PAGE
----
Bowles-Simpson a Distraction for Fiscal Cliff

simpson-bowles

The government has implemented a wide array of policies over the last three decades that have led to a massive upward redistribution of income. As a result, most workers have seen little benefit from the economic growth over this period.

Not surprisingly, the wealthy people who have benefitted from the policies that have redistributed income upward, for example NAFTA-type trade deals, Wall Street bailouts, and anti-union labor policies, don’t want the public talking about them. This is why we have the Erksine Bowles and Alan Simpson speaking tour.

For those who somehow have missed it, Morgan Stanley director Erskine Bowles and former Senator Alan Simpson were the co-chairs of President Obama’s 2010 deficit commission. While they were unable to produce a report that had the support necessary to win approval from the commission, they have made a career out of promoting their own proposal which they misleadingly imply was a report of the commission.

A Traveling Cash Cow

According to the New York Times, Bowles and Simpson get $40,000 each for speaking engagements where they push their agenda. This price tag tells us everything we need to know about what is going on here.

While $40,000 might not be big money among the people with whom Mr. Bowles and Mr. Simpson socialize, it sure is to the rest of us. This is a couple of thousand dollars more than the typical worker earns in a year. It is a bit less than three times the average annual Social Security benefit. And Bowles and Simpson get this money for spending an hour or so giving their tirade about the desperate need for reducing the deficit.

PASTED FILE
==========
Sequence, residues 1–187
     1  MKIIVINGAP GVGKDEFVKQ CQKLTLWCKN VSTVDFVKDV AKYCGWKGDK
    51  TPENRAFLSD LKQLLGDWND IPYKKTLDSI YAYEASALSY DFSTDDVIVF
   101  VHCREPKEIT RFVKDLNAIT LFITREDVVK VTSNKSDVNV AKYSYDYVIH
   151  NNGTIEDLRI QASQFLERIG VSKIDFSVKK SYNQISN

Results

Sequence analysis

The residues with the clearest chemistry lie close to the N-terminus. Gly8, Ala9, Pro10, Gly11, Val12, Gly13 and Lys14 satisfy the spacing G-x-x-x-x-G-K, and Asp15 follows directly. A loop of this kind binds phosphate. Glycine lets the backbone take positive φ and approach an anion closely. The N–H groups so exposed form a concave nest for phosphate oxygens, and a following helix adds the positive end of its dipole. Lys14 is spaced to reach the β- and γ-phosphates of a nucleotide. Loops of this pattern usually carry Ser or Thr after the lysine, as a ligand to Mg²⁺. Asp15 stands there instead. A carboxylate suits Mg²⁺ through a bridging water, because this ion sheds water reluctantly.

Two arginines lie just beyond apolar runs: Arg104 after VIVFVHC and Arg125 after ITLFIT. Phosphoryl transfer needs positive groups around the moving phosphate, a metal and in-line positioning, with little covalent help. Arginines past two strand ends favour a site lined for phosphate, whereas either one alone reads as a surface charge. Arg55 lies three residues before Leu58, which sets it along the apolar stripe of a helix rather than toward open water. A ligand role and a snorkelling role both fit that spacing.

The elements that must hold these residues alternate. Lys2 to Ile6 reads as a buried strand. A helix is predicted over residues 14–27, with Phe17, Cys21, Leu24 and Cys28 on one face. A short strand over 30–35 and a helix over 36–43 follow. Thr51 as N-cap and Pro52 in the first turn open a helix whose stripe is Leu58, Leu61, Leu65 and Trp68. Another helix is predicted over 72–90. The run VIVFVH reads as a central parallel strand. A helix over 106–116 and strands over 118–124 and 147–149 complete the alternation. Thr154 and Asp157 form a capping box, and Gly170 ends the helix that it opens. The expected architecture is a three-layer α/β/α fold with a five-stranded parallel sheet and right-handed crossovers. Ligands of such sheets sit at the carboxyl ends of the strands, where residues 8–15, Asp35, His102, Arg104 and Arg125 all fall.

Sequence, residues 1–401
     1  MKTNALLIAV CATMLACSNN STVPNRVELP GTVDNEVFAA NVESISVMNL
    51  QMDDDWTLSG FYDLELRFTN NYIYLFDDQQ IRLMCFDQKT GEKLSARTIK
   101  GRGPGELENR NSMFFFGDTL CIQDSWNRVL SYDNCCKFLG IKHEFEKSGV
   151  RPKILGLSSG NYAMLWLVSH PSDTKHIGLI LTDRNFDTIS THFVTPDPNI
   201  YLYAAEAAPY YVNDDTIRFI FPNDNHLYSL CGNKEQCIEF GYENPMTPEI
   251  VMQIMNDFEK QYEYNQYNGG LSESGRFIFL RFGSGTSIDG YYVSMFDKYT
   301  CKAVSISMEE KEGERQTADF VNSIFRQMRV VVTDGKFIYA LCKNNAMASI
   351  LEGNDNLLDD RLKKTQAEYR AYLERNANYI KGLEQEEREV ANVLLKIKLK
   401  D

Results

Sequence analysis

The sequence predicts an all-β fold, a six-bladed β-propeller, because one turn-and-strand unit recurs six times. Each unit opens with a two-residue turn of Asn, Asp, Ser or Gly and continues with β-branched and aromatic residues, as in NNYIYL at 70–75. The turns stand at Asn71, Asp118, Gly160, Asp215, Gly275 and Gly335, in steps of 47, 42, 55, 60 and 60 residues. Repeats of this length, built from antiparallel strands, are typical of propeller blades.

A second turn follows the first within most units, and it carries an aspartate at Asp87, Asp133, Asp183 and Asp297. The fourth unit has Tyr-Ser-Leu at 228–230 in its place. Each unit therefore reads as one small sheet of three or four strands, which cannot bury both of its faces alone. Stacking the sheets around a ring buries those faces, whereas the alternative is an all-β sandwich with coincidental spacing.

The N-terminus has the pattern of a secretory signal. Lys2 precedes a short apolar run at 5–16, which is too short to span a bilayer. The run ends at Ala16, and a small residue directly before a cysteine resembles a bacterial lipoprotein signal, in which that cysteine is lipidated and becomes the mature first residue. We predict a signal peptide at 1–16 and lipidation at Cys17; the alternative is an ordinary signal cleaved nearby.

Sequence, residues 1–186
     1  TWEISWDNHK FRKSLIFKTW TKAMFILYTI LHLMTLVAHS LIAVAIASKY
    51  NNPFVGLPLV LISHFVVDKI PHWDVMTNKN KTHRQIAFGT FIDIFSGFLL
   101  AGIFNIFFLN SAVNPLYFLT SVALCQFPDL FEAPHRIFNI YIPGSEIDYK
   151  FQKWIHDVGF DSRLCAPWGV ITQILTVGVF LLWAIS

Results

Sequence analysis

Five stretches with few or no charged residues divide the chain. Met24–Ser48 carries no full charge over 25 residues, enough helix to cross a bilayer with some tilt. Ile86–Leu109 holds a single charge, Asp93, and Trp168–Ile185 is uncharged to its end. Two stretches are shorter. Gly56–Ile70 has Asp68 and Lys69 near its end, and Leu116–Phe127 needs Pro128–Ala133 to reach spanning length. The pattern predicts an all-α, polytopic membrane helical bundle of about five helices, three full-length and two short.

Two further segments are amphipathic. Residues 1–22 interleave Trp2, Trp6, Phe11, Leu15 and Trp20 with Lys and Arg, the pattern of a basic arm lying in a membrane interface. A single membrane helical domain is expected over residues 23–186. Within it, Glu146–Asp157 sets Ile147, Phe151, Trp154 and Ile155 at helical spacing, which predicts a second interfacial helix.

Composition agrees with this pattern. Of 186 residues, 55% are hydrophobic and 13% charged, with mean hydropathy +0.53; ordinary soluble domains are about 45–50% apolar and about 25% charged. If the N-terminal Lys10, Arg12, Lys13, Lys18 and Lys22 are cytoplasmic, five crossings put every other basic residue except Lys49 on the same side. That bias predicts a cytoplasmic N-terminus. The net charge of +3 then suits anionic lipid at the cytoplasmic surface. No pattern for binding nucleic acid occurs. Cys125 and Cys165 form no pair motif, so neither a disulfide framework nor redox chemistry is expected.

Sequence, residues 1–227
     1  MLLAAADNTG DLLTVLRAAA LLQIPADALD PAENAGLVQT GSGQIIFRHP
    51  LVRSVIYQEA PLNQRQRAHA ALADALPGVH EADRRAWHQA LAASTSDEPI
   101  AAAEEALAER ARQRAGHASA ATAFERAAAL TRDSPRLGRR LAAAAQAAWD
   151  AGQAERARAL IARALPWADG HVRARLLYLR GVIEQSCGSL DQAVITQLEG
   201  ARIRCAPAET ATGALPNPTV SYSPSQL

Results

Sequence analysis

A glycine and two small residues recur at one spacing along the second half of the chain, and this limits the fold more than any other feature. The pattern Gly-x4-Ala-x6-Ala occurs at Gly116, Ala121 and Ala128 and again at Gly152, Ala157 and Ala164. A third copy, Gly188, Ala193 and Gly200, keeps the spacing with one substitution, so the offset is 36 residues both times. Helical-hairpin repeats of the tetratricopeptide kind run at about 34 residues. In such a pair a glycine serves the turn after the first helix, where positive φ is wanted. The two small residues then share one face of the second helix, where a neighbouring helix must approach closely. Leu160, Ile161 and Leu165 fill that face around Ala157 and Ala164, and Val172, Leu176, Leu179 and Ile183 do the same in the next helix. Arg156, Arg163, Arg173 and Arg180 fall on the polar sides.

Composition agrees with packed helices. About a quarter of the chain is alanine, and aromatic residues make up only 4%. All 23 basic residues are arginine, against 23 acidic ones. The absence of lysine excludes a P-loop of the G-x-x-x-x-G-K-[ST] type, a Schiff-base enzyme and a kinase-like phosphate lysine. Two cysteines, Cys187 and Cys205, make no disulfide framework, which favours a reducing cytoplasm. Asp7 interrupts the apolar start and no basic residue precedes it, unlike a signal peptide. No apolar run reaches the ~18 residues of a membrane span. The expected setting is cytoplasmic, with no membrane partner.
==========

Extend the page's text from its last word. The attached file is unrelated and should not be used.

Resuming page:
The incredible irony of these sorts of fees is that the substance of the Bowles-Simpson tirade is that paying for Social Security and Medicare will bankrupt our children and grandchildren. The two of them are running around the country telling people that Social Security checks to retirees that average $15,000 a year and providing health care insurance to seniors who have spent their lives working will have our children and grandchildren living in poverty.

Behind the Fees

To sell this line, Bowles and Simpson must be betting that they have some really poorly educated young people in their audience. If they learned their grade school arithmetic, they would quickly recognize these two for the hucksters they are.

The Social Security Trustees project that real wages, that means the growth in wages after adjusting for inflation, will grow on average by more than 40 percent over the next 30 years. This means that if a typical worker is making $38,000 in 2012, then a typical worker would be earning more than $53,200 in 2042, in today’s dollars.

The full article originally appeared here at Yahoo Finance. 

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